As a stubborn and perhaps foolish fan of pro cycling, I’m not ready to throw my bike off a mountainside and take up a daffy habit for weirdos, like running. No: I believe my beautiful but forever-tormented sport simply needs to reboot with better branding—and a new, transparent slogan.
Pro cycling: It’s always *!@#!%!! something!
You know, convert cycling’s chronic weakness into an asset…its sinister cloud into a silver lining…its albatross into a beguiling, Spandexed swan, eating a scone at a table inside your local coffee shop, loudly talking about functional threshold power and wind tunnels with a bunch of other Spandexed swans.
Even if you don’t follow every burp of pro cycling news—there must be two or three of you out there who can’t name the winner of the 2017 Tour de Romandie—you’ve probably heard about the latest controversy: the sport’s most accomplished Grand Tour rider, Chris Froome, the winner of the Tour de France in four of the past five years, returned an abnormal drug test at September’s Vuelta a Espana, which Froome also, uh, won.
That’s right: once again, one of the biggest names in bike racing has been sucked, fairly or not, into the big ol’ Finger-Pointy Vortex of Dope.
Say it with me. Pro cycling: It’s always *!@#!%!! something!
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Froome says he’s done nothing wrong. He’s spoken for years now of his travails with asthma, and his inhaler use, and the asthma drug he returned an abnormally high level for—salbutamol—is a permissible substance, so long as the dose remains at or under 1000 nanograms per milliliter.
Froome’s Vuelta test was twice that, however—so the British rider is obligated to explain how he returned such a result.
It’s possible that cycling’s governing body will accept Froome’s explanation—the racer and his team, Sky, are already laying groundwork to establish that salbutamol testing can be an imprecise science. But there’s a history of punishing riders for similar results, among them the Italian sprinter Alessandro “Ale-Jet” Petacchi, who got a year-long suspension for an excessive salbutamol test in 2007.
“I understand this comes as a big shock to people,” Froome told the BBC in an interview. “I certainly haven’t broken any rules here.”
If you love this wacky sport, you probably woke up Wednesday morning feeling like Bill Murray’s weatherman in “Groundhog Day.” Bike racing has been here before, often. Lance Armstrong, Floyd Landis, Alberto Contador…it’s reached the point to the point that these moments feel expected, almost rote.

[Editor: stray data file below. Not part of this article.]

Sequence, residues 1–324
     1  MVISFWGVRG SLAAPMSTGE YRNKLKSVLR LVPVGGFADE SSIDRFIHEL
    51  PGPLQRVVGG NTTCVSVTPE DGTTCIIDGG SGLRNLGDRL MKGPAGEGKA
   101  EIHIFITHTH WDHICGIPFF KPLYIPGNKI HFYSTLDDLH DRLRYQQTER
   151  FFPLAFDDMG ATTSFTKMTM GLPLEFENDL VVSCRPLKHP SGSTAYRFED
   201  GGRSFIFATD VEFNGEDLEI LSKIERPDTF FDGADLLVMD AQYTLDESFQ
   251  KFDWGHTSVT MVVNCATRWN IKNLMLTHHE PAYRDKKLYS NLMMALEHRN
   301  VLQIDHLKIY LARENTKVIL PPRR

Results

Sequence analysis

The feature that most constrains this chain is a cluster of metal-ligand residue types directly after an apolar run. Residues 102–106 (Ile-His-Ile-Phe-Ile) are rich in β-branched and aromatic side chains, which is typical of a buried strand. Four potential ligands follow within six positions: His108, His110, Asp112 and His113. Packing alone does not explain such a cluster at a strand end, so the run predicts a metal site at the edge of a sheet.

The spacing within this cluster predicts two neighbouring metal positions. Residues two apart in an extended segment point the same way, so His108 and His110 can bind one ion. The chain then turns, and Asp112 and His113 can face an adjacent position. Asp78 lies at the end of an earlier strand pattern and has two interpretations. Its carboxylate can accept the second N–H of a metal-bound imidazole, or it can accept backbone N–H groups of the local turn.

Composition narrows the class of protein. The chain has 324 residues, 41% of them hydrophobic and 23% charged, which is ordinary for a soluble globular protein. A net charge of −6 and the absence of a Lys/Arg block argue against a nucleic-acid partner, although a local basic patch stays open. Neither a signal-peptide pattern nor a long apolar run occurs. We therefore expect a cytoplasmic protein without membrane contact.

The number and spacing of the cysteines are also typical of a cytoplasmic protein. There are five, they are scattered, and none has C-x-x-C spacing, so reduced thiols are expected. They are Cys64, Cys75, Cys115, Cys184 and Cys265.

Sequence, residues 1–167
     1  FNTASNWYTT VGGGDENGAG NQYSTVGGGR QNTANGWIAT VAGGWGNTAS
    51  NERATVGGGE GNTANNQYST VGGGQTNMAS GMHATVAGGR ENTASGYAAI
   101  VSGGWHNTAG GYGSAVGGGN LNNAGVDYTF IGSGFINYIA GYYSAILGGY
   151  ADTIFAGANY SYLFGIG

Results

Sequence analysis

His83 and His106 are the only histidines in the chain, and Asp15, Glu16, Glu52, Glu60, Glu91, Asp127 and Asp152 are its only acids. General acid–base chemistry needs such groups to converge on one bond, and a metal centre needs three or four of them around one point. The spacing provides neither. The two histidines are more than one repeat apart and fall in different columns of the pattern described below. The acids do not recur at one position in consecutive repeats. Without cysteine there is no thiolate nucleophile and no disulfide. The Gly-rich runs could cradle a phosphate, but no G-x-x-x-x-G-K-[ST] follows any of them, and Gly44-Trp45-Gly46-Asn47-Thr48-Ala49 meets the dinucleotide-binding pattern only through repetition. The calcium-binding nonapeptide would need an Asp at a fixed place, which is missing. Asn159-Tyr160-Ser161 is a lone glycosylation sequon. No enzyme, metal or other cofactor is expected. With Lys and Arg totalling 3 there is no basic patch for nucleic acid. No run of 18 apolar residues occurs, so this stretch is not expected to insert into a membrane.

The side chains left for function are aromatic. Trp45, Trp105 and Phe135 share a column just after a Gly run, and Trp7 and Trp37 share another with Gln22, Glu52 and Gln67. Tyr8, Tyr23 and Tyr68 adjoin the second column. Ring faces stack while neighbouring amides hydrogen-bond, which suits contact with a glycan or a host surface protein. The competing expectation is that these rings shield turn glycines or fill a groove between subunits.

It’s also being portrayed as a comeuppance for Sky, Froome’s powerful, lavishly-budgeted team. Sky has a Darth Vader-like rep in the pro peloton, not only for its stacked roster and taste in sleek technology but also for its methodical, almost militaristic dominance in races like the Tour. At the same time, there’s a belief the team hasn’t sufficiently explained nagging questions about some of its riders, especially its first Tour winner, Bradley Wiggins, and its use of “therapeutic use exemptions” (TUEs) to permissibly use certain drugs.
That vibe you’re picking up from inside the sport? That’s called Skydenfreude. This mess also comes at a moment when Disney is acquiring not only team sponsor 21st Century Fox, but also 21st Century Fox’s stake in Sky itself. (Rupert Murdoch and his family hold 39% of 21st Century Fox’s voting shares and a similar stake in News Corp, parent of The Wall Street Journal.)
Who knows what Mickey Mouse will make of all this.
To be clear: Sky’s not the only cycling team that’s faced these kinds of questions. But they’re the Yankees of cycling: the biggest winners, the biggest spenders, the sport’s most recognizable brand. They began with promises of full transparency and zero-tolerance toward doping. To have Sky—and its marquee rider—entangled in a fiasco like this is rocket fuel for every cycling skeptic who’s ever said: See, I told you so.
Sure, we could argue the opposite side: that what’s happening here is what’s supposed to happen, that there should be scrutiny of every athlete, regardless of the stakes or accomplishments. Lunatics who love cycling like to point out that cycling is a rare sport that does vigorously (if imperfectly) test, both in competition and out of competition, with longitudinal, biological passport analysis as well. We crack ourselves up about the forgiving moral universes in other sports, and drug-testing wrist-slaps in leagues like the NFL.
And yet…this stinks. There is no silver lining. It stinks because there are cyclists who are trying to do it the right way, to race clean and give the public results they can believe—the kind of rider, it should be noted, that Froome says he’s always been. It stinks because cycling is indeed a gorgeous and compelling sport that once more gets reduced to a glib punchline. It stinks because another crisis can’t help but hurt a fragile business still driven by fickle sponsorship dollars.
That’s what pro cycling’s been for a long time, however.
It’s always *!@#!%!! something.
Write to Jason Gay at Jason.Gay@wsj.com